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Targeted alpha therapy's potential to eliminate HIV-infected cells

Date:
December 21, 2015
Source:
European Commission, Joint Research Centre (JRC)
Summary:
Targeted alpha therapy has the potential to selectively eliminate HIV infected cells from the central nervous system, according to a recent study. The study shows that a specific human antibody labelled with the alpha emitter bismuth-213 can penetrate the blood brain barrier and selectively target and destroy HIV-infected cells while sparing non-infected healthy cells. These findings may open new options for the treatment of HIV associated neurocognitive disorders.
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Targeted alpha therapy has the potential to selectively eliminate HIV infected cells from the central nervous system, according to a recent study co-authored by the JRC. The study shows that a specific human antibody labelled with the alpha emitter bismuth-213 can penetrate the blood brain barrier and selectively target and destroy HIV-infected cells while sparing non-infected healthy cells. These findings may open new options for the treatment of HIV associated neurocognitive disorders.

The in vitro study that was at the basis of the scientific article was conducted in a consortium of various research organisations, including Albert Einstein College of Medicine in New York and the JRC. It has shown that the novel alpha emitter radioactive drug can penetrate a simulated human blood brain barrier without causing damage to it and selectively bind and kill HIV-infected cells residing in the central nervous system. The approach is based on the unique physical properties of alpha radiation, in particular its high energy and short path length in human tissue, to selectively address and destroy diseased cells while sparing surrounding healthy tissue.

Combined therapy against the virus (cART) allows HIV-positive patients to live much longer. There are however reservoirs within the body where the virus persists and continues to cause damage. In particular the treatment of infections of the central nervous system poses a particular challenge as the blood brain barrier limits many cART drugs from reaching effective levels in the brain. Currently, about half of all HIV infected patients are suffering from mild to moderate neurological disorders.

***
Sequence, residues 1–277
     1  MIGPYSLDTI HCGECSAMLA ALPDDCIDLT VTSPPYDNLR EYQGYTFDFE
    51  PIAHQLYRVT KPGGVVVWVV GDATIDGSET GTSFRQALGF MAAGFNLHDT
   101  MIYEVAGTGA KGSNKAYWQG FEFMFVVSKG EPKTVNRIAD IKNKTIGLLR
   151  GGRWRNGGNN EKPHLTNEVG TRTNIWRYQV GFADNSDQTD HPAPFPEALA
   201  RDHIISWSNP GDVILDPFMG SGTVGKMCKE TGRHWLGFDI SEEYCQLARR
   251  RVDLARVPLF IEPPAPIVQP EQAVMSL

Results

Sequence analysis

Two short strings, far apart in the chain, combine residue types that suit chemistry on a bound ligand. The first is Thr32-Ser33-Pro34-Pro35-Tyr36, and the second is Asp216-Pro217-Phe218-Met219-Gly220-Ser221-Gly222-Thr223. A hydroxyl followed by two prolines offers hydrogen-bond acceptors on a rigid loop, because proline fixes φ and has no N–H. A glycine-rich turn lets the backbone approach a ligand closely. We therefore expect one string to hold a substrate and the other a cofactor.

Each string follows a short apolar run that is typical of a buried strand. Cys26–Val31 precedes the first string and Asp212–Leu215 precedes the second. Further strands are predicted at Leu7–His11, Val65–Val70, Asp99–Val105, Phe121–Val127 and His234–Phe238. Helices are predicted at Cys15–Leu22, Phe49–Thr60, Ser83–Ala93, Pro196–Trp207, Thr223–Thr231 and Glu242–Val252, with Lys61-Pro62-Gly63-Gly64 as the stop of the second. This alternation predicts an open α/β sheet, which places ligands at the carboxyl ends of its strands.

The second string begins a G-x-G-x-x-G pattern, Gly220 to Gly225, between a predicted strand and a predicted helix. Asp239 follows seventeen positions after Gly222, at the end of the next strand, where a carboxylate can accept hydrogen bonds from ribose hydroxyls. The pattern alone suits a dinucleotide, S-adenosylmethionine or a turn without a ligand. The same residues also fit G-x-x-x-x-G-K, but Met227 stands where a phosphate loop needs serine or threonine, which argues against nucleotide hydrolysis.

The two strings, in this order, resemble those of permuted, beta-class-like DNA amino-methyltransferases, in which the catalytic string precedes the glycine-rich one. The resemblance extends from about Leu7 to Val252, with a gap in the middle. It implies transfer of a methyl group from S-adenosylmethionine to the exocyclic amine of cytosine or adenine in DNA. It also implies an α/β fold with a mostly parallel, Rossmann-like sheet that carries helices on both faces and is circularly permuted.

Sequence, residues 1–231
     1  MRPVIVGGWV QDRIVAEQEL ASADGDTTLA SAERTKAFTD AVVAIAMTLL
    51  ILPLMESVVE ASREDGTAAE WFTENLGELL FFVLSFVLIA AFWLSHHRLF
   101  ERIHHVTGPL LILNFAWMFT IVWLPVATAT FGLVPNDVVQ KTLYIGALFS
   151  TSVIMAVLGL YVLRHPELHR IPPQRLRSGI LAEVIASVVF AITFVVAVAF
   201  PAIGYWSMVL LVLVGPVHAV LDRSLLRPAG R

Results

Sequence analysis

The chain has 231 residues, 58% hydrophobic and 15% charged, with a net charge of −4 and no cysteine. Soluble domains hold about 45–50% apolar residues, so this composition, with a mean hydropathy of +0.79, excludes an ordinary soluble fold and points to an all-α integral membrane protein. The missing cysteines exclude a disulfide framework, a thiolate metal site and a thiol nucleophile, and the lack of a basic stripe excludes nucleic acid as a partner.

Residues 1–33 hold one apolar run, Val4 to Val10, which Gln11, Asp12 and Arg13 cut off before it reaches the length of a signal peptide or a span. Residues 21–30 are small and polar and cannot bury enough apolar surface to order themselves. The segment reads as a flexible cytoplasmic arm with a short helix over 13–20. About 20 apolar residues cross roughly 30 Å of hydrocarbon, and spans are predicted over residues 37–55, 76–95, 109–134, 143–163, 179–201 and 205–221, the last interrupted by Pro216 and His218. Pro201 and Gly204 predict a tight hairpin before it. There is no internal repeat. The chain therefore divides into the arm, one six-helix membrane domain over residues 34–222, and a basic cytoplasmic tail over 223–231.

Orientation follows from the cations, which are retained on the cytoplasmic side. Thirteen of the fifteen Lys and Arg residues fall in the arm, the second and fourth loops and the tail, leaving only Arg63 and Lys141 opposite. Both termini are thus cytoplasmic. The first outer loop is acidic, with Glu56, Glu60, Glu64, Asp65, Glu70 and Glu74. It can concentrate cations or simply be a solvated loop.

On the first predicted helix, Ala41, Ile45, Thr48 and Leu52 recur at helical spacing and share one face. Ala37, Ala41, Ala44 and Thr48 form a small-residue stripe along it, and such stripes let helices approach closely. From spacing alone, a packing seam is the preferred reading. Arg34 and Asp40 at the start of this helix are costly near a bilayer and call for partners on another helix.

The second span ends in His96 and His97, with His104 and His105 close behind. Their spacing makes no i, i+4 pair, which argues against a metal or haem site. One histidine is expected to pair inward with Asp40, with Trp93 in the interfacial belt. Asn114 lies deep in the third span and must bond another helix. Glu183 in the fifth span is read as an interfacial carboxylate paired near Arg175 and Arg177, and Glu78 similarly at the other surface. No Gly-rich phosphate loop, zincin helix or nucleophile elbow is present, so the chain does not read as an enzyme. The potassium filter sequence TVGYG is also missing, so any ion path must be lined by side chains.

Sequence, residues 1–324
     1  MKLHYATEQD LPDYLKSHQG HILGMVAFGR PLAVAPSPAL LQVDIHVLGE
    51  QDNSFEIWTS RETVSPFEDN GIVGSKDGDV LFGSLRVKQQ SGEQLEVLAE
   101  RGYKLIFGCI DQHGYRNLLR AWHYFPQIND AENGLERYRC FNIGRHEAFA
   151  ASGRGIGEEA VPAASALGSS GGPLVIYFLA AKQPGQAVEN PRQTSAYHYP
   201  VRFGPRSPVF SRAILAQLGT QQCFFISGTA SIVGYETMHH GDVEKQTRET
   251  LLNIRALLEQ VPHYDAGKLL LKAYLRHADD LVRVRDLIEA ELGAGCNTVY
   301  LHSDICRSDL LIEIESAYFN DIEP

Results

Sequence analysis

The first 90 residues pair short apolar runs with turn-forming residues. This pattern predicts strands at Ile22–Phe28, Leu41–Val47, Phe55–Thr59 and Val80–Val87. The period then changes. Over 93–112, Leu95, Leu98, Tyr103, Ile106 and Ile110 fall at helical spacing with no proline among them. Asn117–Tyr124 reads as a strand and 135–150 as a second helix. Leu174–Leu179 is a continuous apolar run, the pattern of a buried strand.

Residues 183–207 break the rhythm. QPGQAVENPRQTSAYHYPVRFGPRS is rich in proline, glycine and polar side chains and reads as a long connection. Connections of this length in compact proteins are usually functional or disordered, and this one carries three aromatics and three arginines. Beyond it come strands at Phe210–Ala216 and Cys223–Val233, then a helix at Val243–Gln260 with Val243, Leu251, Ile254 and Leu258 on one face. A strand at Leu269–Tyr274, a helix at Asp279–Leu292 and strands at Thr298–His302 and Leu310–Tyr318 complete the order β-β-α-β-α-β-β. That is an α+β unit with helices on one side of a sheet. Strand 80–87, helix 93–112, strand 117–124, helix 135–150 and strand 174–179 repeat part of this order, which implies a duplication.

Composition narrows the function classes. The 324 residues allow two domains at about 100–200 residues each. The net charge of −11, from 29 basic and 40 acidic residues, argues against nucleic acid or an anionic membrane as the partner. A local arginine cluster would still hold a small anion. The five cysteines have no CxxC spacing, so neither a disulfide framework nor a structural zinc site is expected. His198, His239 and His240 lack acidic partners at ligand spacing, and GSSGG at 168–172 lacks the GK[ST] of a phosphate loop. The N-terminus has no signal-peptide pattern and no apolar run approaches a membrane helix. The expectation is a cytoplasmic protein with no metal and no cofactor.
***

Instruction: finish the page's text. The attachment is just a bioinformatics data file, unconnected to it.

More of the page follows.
The study was co-funded by Bill and Melinda Gates foundation and the National Institute of Health. Albert Einstein College of Medicine and JRC have been collaborating for a decade on the joint development of targeted alpha therapy of bacterial, fungal and viral infections, including HIV.


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Materials provided by European Commission, Joint Research Centre (JRC). Note: Content may be edited for style and length.


Journal References:

  1. Ekaterina Dadachova, Mahesh C Patel, Sima Toussi, Christos Apostolidis, Alfred Morgenstern, Martin W Brechbiel, Miroslaw K Gorny, Susan Zolla-Pazner, Arturo Casadevall, Harris Goldstein. Targeted Killing of Virally Infected Cells by Radiolabeled Antibodies to Viral Proteins. PLoS Medicine, 2006; 3 (11): e427 DOI: 10.1371/journal.pmed.0030427
  2. McFarren A1, Lopez L, Williams DW, Veenstra M, Bryan RA, Goldsmith A, Morgenstern A, Bruchertseifer F, Zolla-Pazner S, Gorny MK, Eugenin EA, Berman JW, Dadachova E. A fully human antibody to gp41 selectively eliminates HIV-infected cells that transmigrated across a model human blood brain barrier. AIDS, 2015 [link]

Cite This Page:

European Commission, Joint Research Centre (JRC). "Targeted alpha therapy's potential to eliminate HIV-infected cells." ScienceDaily. ScienceDaily, 21 December 2015. <www.sciencedaily.com/releases/2015/12/151221071641.htm>.
European Commission, Joint Research Centre (JRC). (2015, December 21). Targeted alpha therapy's potential to eliminate HIV-infected cells. ScienceDaily. Retrieved May 28, 2017 from www.sciencedaily.com/releases/2015/12/151221071641.htm
European Commission, Joint Research Centre (JRC). "Targeted alpha therapy's potential to eliminate HIV-infected cells." ScienceDaily. www.sciencedaily.com/releases/2015/12/151221071641.htm (accessed May 28, 2017).

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